First of all, I’m hoping anyone viewing this post is managing to keep their health (and sanity!) above sea level as we all deal with this crazy Coronavirus pandemic. We’re gonna get through this, my friends. Secondly, I want to remind you all that we will one day travel again. You know, get on a plane and fly somewhere far away? That. So, allow me to continue with my series of images from our trip to Guadalajara back in January BC (Before Covid).
Now you know that if I’m visiting a city and that city has an art museum, the smart money is on me paying a visit to that museum. While visiting the city of Guadalajara, I found my way to the Museo de las Artes Universidad de Guadalajara (MUSA), a charming art museum located a short 6 minute walk from our hotel. It’s a small museum but it featured artwork by some of Mexico’s most acclaimed artists – José Clemente Orozco, David Alfaro Siqueiros & Diego Rivera.
A little history first, yes? In 1914, Mexican engineer Alfredo Navarro Branca was entrusted with the construction of two buildings that would be called ‘Constitución y Reforma’ and dedicated to education. The buildings were ultimately completed by architects Aurelio Aceves and Rafael Urzúa after Branca only managed to build the facade and an interior gallery of the Reforma building. On July 22, 1937, the University of Guadalajara was officially established and on November 20 of that same year the building was officially inaugurated.
The idea for an art museum was born out of the interest to highlight the importance of having two stunning murals by acclaimed Mexican artist José Clemente Orozco inside the building. Orozco specialized in political murals that established the Mexican Mural Renaissance that started in the 1920s and lasted until the 1970s. In 1935, the governor of Jalisco, Everardo Topete, invited Orozco to make murals in different relevant buildings in Guadalajara. During his stay in Guadalajara from 1935 to 1939, Orozco made three emblematic murals: the first was the dome and the stage wall of the Enrique Díaz de León Auditorium in the art museum (see image below); the second was the main staircase of the Palacio de Gobierno and the third was the dome of the Hospicio Cabañas.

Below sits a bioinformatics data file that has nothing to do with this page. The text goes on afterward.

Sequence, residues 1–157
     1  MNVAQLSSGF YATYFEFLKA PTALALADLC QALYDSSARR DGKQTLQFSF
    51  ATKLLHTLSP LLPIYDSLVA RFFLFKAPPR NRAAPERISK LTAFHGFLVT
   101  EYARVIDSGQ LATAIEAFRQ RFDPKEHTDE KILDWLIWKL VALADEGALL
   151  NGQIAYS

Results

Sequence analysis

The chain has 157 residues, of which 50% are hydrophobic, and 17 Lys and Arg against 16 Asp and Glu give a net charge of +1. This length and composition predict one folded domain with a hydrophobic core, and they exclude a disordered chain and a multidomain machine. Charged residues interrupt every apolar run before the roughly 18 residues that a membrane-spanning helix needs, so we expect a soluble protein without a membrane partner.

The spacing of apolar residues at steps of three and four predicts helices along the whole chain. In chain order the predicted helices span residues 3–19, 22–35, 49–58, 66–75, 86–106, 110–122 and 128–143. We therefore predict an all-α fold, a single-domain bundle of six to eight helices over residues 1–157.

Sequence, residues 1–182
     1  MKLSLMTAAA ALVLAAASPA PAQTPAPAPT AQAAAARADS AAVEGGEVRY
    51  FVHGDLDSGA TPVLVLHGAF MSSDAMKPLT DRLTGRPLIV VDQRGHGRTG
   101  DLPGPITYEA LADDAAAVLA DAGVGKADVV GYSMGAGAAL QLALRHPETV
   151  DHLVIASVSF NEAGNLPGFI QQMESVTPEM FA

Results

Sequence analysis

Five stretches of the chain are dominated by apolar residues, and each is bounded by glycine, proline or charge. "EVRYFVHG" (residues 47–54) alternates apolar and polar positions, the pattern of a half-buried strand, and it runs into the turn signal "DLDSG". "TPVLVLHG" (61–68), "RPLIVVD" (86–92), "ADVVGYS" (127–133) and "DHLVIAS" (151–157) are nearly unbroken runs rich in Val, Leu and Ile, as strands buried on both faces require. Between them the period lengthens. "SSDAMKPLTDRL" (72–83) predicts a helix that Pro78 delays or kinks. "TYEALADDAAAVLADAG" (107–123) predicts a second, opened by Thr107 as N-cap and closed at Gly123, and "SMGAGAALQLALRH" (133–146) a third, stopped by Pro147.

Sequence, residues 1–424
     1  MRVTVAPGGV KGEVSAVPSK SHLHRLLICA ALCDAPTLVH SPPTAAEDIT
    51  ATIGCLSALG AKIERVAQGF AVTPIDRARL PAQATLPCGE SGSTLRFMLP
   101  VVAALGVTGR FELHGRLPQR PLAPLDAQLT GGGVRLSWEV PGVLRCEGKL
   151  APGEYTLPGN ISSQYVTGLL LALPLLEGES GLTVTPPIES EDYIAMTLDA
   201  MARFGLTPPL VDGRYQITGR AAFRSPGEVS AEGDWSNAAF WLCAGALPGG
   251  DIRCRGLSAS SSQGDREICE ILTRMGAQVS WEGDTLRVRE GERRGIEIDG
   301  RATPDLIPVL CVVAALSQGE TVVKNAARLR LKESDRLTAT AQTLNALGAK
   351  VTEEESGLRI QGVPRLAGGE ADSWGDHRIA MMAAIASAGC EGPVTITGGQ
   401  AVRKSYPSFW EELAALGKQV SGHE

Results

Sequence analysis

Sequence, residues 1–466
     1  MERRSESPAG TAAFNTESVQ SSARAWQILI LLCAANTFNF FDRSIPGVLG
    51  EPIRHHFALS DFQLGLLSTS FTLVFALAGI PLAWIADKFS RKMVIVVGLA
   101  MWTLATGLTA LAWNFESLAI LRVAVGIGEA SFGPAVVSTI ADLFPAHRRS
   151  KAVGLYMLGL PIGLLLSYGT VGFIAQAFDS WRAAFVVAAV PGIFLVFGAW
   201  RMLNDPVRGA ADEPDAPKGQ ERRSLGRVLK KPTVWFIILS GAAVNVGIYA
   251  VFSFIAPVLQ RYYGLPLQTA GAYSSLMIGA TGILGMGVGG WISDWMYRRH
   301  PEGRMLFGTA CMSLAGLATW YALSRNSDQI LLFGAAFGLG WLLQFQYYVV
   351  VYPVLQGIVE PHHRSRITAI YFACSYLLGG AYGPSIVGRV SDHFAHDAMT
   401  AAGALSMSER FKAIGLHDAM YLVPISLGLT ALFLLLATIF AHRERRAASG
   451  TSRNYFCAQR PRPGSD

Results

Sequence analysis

In 1993, renovations were made to the ground floor to house the University Museum of Art and in 2013, after a 5-week remodeling period, the building’s name was officially changed to Museo de las Artes Universidad de Guadalajara (MUSA). Currently, the MUSA collection consists of more than 100 pieces (might not sound like too many but there are no duds in the whole bunch) and is made up of works of different techniques and formats by the most significant artists from Jalisco as well as international artists. It has 14 rooms for temporary exhibitions, two rooms for workshops, the Enrique Díaz de León Paraninfo auditorium (with a total capacity of 380 people), a conference room, a multipurpose patio and a store.
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